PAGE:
Housing Health and Safety Rating System (HHSRS)
The Housing Health and Safety Rating System is a structured risk assessment approach which assesses faults in a property and how they might affect the health and safety of both occupiers and visitors to the property. The HHSRS considers how likely it is that a hazard would occur and how serious the outcome would be, and whether a hazard is significant and warrants intervention by a Local Authority.
If you are the landlord or tenant of a property and you think your property may contain hazards, we can carry out a full inspection / survey of your property, no matter what tenure of property (i.e. Council property, private rented, registered social landlord [RSL]), identify any Category 1 or 2 hazards, and draft a detailed HHSRS report including a schedule of works necessary to eliminate those hazards identified.
From the 1st of October 2015, new Legislation came into force where tenants of rented properties must complain in writing to their landlord of any disrepair within their rented property. We can produce a report which can then be served on a landlord, which will identify all hazards within the property to enable them to carry out the necessary repairs. The Local Authority will NOT be able to intervene in ANY disrepair cases unless you have complained to your landlord in writing first; our report will be your evidence for any further action including any compensation claims made against the landlord.
If you are a landlord and you disagree with any written complaints of disrepair made to you by tenants of your properties, this HHSRS report will be your defence (if no category 1 or 2 hazards are identified) in any subsequent action taken by the Local Authority.
The fee for a Housing, Health and Safety Rating inspection / survey and subsequent report starts at £195 to both landlords and tenants.
The Housing Health and Safety Rating System
Hazards in Bands A-C are classed as Category 1 Hazards requiring Mandatory action
by Councils. Hazards in Bands D to J are Category 2 Hazards, which allow Council’s to exercise discretion, when deciding what action to take. The system applies to all dwellings, regardless of ownership.
The HHSRS assessment looks at whether a property has:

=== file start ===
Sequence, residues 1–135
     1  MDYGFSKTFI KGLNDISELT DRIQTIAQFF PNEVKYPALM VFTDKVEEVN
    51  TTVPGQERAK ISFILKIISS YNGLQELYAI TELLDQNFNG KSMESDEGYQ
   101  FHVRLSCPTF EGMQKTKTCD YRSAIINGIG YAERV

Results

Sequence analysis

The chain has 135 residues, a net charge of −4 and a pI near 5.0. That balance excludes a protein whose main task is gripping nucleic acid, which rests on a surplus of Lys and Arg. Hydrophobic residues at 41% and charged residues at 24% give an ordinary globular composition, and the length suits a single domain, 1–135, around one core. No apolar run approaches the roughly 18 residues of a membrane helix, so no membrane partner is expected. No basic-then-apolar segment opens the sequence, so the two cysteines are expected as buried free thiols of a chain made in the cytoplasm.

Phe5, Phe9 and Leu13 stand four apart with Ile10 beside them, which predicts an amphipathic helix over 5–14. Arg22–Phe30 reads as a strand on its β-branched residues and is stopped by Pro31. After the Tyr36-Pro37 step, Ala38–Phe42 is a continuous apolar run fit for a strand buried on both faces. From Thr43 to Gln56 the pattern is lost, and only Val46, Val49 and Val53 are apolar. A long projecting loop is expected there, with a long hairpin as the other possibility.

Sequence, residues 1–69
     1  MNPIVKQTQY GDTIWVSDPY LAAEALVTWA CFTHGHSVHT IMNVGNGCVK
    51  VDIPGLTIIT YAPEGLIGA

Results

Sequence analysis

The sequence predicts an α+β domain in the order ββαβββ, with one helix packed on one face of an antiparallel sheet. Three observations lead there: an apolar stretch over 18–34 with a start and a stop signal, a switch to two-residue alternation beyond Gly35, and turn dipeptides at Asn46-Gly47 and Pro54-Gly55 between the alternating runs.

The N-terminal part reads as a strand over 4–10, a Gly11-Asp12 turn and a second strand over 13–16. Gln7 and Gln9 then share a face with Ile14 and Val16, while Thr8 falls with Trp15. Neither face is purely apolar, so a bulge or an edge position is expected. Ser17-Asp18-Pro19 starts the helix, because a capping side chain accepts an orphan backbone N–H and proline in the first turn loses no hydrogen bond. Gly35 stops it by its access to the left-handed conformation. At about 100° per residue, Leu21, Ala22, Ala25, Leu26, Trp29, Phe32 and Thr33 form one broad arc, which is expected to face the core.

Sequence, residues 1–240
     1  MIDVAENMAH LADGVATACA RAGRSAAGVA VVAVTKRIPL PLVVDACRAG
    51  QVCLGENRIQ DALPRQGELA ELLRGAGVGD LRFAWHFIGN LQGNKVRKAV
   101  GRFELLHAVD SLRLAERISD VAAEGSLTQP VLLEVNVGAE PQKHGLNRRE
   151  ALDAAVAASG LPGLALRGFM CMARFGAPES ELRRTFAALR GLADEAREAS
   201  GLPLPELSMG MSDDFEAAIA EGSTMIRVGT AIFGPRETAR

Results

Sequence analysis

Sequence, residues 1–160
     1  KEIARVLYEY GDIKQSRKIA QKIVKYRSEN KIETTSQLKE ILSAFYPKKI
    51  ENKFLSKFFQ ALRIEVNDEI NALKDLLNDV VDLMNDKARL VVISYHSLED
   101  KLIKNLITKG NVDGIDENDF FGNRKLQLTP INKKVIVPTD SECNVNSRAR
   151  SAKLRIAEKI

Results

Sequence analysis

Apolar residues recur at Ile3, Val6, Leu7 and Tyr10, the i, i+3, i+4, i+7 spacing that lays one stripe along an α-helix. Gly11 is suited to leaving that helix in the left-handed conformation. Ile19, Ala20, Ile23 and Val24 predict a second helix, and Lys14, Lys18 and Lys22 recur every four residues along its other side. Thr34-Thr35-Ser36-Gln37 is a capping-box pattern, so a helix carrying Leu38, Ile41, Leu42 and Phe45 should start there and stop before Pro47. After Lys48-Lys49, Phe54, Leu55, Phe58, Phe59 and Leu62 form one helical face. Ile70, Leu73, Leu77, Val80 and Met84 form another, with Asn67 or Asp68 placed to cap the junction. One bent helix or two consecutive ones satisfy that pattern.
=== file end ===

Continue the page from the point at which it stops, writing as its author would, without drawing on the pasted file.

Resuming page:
dampness, condensation, and mould growth;
rats, cockroaches and other vermin infestations;
broken glass, falling plaster, or dangerous or decaying stairs;
faulty or dangerous gas or electrical installations;
blocked drains or problems with rubbish or sewage;
unacceptable noise levels;
damaged asbestos; and
smoke fumes or gases
It covers problems in communal areas and outside spaces as well as inside the house. HHSRS was introduced under the Housing Act 2004, Part 1, Chapter 1(1) and applies to residential properties in England and Wales.
The HHSRS assesses 29 categories of hazard. Each hazard has a weighting which will help determine whether the property is rated as having Category 1 (serious) or Category 2 (other) hazards. The 29 hazards are:
A. Physiological requirements
1. Damp and mould growth
2. Excess cold
3. Excess heat
4. Asbestos and MMF
6. Carbon monoxide and fuel combustion products
9. Uncombusted fuel gas
10. Volatile organic compounds
B. Physiological requirements
11. Crowding and space
12. Entry by intruders
C. Protection against infection
15. Domestic hygiene, pests and refuse
16. Food safety
17. Personal hygiene, sanitation and drainage
18. Water supply
D. Protection against accidents
19. Falls associated with baths etc.
20. Falling on level surfaces etc.
21. Falling on stairs etc.
22. Falling between levels
23. Electrical hazards
25. Flames, hot surfaces etc.
26. Collision and entrapment
28. Position and operability of amenities etc.
29. Structural collapse and falling elements